News of Luc Bourdon's death makes hockey take backseat at Cup final

The Canadian Press
By: The Canadian Press
May 30, 2008

Pittsburgh Penguins Kris Letang pauses while answering questions about the death of his friend, Vancouver Canucks Luc Bourdon, following team practice in Pittsburgh on Friday, May 30, 2008. THE CANADIAN PRESS/Frank Gunn Author: The Hockey News


News of Luc Bourdon's death makes hockey take backseat at Cup final

The Canadian Press
By: The Canadian Press
May 30, 2008

PITTSBURGH - A few days ago, veteran winger Gary Roberts offered rookie teammate Kris Letang some advice. Don't buy a motorcycle, Roberts told him. You're too young for that.

The 21-year-old Pittsburgh Penguins defenceman was excited at the idea of getting one following a phone conversation with best friend Luc Bourdon.

"About two or three days ago, I asked him what he was up to and he talked about his new motorcycle," a visibly shaken Letang said a day after his friend was killed on the bike in New Brunswick.

"We were talking about both of us having one," Letang added.

Needless to say, Letang has dropped that idea after the crushing loss of his friend, a top prospect with the Vancouver Canucks. The 21-year-old defenceman's tragic death cast a shadow on the Stanley Cup final Friday as the hockey world mourned the loss of one of its own.

"It makes the Stanley Cup final seem pretty small when a fellow athlete and friend of many passes away like that," said Penguins defenceman Ryan Whitney.

The NHL will pay tribute to Bourdon with a moment of silence before Saturday's fourth game of the Cup final.

"The National Hockey League family grieves with the family, friends, and teammates of Luc Bourdon," NHL commissioner Gary Bettman said in a statement. "We send heartfelt condolences to the Vancouver Canucks' organization and the community of Shippagan, N.B."

Letang played junior with Bourdon at Val D'or in 2004-05 and 2005-06 while also lining up with him on the Canadian junior team in 2006 and 2007.

"We had so much in common, so many things we liked to do together," said Letang, whose Penguins are down 2-1 in the best-of-seven final series.

Detroit Red Wings rookie forward Darren Helm played with Bourdon at the 2007 world junior tournament.

"He was a great guy," Helm said Friday. "It's a big tragedy. It's shocking to everybody. He was taken away too early. He'll definitely be missed."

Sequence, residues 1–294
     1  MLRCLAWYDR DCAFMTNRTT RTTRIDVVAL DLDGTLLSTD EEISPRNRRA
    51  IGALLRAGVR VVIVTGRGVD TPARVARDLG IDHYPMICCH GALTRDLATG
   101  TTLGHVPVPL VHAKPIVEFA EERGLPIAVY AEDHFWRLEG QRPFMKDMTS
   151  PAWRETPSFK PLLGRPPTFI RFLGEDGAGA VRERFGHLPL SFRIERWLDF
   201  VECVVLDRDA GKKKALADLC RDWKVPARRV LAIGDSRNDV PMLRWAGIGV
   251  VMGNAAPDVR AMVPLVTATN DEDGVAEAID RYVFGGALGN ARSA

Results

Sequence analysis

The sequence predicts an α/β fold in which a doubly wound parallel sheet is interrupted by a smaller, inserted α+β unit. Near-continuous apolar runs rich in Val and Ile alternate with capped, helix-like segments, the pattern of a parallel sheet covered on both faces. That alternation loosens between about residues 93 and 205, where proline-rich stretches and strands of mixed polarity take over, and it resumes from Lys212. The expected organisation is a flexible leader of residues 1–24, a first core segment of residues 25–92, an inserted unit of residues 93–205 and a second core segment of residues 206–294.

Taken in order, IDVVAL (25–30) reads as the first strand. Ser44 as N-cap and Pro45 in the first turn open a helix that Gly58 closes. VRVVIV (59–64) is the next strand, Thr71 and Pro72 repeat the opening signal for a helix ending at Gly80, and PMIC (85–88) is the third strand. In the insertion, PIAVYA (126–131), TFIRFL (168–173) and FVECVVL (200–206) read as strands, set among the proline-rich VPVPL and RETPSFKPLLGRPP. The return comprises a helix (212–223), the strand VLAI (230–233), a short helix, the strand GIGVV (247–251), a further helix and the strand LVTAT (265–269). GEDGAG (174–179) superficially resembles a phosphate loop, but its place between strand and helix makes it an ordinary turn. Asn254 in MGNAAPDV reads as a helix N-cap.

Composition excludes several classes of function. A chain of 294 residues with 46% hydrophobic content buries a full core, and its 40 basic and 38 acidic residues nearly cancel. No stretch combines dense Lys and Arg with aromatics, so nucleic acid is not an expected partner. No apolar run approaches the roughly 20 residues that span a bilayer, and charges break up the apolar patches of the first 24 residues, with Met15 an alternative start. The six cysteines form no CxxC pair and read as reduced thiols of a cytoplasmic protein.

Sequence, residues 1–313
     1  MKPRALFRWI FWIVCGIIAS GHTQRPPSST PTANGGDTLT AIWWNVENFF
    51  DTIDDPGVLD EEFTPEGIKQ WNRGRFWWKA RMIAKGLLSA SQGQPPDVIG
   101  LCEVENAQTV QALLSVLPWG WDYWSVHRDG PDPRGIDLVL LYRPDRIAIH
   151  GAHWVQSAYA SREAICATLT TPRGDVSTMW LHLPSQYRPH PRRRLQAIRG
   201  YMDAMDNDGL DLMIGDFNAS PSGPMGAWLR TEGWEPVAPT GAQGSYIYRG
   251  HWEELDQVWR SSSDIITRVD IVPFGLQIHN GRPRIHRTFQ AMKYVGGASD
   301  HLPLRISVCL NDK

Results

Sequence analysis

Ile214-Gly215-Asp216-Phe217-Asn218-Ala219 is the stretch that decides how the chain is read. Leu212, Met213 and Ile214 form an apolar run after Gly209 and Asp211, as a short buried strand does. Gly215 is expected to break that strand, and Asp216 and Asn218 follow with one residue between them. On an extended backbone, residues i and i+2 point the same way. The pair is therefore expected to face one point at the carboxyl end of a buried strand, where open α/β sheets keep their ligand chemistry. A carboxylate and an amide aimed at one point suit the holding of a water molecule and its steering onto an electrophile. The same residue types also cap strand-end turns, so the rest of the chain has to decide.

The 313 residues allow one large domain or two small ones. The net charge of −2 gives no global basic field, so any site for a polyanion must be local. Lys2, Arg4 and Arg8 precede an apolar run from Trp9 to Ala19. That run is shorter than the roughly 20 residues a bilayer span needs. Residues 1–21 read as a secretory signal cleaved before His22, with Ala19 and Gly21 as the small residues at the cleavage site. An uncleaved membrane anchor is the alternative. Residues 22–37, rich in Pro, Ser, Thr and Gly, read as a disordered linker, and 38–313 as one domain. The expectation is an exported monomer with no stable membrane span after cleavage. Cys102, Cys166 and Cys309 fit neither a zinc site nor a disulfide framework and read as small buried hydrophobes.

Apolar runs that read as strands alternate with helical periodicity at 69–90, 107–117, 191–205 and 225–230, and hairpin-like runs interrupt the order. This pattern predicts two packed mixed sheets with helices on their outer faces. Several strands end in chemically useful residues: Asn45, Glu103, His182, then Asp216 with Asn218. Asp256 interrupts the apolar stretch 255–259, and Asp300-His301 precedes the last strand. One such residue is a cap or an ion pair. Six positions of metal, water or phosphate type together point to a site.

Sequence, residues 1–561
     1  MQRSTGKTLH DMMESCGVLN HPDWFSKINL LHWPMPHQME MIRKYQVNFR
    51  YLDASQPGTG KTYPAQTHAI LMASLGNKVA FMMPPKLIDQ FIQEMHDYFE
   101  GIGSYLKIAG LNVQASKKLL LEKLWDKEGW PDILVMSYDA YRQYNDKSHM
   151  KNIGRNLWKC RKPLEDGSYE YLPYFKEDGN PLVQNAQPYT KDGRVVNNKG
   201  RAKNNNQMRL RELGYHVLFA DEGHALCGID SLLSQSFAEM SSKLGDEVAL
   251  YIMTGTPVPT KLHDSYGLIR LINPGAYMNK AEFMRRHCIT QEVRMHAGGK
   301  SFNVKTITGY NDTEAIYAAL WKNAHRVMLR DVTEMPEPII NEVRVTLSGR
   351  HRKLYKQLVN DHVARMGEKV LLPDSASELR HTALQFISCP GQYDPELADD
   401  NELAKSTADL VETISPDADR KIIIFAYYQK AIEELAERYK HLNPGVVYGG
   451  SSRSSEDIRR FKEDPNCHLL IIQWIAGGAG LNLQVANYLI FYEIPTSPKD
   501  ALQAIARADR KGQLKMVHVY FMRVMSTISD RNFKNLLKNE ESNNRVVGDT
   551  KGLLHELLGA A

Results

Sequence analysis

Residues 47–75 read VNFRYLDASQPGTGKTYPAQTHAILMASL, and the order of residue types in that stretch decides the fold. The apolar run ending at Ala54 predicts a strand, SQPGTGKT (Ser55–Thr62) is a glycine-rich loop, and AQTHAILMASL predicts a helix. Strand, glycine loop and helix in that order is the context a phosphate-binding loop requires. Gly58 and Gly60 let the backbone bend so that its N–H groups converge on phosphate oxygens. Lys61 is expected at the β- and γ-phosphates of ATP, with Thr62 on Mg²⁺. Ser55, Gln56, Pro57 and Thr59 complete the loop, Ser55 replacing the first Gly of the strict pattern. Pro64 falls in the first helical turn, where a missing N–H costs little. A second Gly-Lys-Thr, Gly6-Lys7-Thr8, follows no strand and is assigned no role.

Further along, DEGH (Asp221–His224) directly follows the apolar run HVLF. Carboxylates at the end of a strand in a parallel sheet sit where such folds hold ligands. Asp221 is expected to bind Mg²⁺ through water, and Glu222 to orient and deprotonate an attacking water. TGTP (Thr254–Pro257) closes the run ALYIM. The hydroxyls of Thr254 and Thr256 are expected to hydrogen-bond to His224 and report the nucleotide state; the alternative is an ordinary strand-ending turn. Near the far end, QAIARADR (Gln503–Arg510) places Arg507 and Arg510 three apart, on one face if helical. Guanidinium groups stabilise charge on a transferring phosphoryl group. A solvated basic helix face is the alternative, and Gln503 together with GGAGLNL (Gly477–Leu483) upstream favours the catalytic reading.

Penguins captain Sidney Crosby, drafted the same year as Bourdon in 2005, met him at various Hockey Canada training camps.

"It's tough," said Crosby. "The hockey world is a small community. And I think a lot of guys probably crossed paths with him at some point. Personally, I was drafted with him, I saw him there.

"It's sad to see someone that young have something happen like that. It certainly makes you realize how valuable life is and how lucky we are. But it's an unfortunate incident for sure."

Letang was leaving his apartment Thursday when his agent called with the news. He was crushed.

"I don't know why, but this morning I had no energy," said Letang, who didn't play in Game 3 and won't suit up Saturday either. "Even if I wanted to skate ... It's like I lost so much energy when it happened yesterday."

Letang said the two talked all the time.

"We shared everything together," said Letang. "We were supposed to go on vacation this summer, and he was coming to Montreal all summer long to train."

Roberts lost a teammate in May 1999 when Steve Chiasson was killed after wrecking his pickup truck. He was returning home from a Carolina Hurricanes party at Roberts' home.

"We were all just shocked over it," recalled Roberts. "We spent a lot of time that summer reflecting over it and wishing things turned out differently We all tried to do the right things the night Steve had his accident. It is a lot to overcome for, number one, the family, and then the teammates and the organization, number two.

"I know that after Steve's accident, every night we wore his number on our helmets the whole season. It was something I'll never forget. Nobody forgets those situations. You try to deal with it and move on as best you can."

The way in which Bourdon died also sent chills down the spines of Penguins goalie Marc-Andre Fleury and forward Maxime Talbot. They both owned motorcycles before deciding to get rid of them.

"It's dangerous," said Talbot. "My brother had one and he had an accident. Fortunately he was fine, but still, they're dangerous."

There isn't a specific mention in the NHL's standard player contract that prohibits riding a motorcycle, although there is a paragraph related to "hazardous activities."

"The player and the club recognize and agree that the player's participation in other sports may impair or destroy his ability and skill as a hockey player," it reads.

The clause goes on to say that while under contract with an NHL club, the player needs permission for his team to "engage or participate in football, baseball, softball, hockey, lacrosse, boxing, wrestling or other athletic sport."

Police confirmed Friday that Bourdon had obtained his motorcycle licence only two weeks earlier.

RCMP investigators said Bourdon's inexperience on motorcycle may have played a role in the crash.

Letang said his friend understood the risks.

"He's a guy who had fun with sports stuff, like Sea-Doos and sport cars and whatever," said Letang. "We talked about it. We know it was dangerous, but he had fun with it. I know he didn't speed with it.

"He just had a bad move or something. Those things, you have no second chance."

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News of Luc Bourdon's death makes hockey take backseat at Cup final